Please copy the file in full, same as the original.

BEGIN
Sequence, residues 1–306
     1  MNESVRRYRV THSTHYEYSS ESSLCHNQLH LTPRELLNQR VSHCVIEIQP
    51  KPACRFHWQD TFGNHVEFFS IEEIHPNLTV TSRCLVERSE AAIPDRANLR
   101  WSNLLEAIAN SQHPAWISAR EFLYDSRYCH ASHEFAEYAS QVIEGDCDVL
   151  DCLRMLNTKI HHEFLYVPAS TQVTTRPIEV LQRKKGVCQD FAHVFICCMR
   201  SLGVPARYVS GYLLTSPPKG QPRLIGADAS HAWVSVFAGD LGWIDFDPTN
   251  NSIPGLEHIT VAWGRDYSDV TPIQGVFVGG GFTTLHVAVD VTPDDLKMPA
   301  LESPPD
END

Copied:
Sequence, residues 1–306
     1  MNESVRRYRV THSTHYEYSS ESSLCHNQLH LTPRELLNQR VSHCVIEIQP
    51  KPACRFHWQD TFGNHVEFFS IEEIHPNLTV TSRCLVERSE AAIPDRANLR
   101  WSNLLEAIAN SQHPAWISAR EFLYDSRYCH ASHEFAEYAS QVIEGDCDVL
   151  DCLRMLNTKI HHEFLYVPAS TQVTTRPIEV LQRKKGVCQD FAHVFICCMR
   201  SLGVPARYVS GYLLTSPPKG QPRLIGADAS HAWVSVFAGD LGWIDFDPTN
   251  NSIPGLEHIT VAWGRDYSDV TPIQGVFVGG GFTTLHVAVD VTPDDLKMPA
   301  LESPPD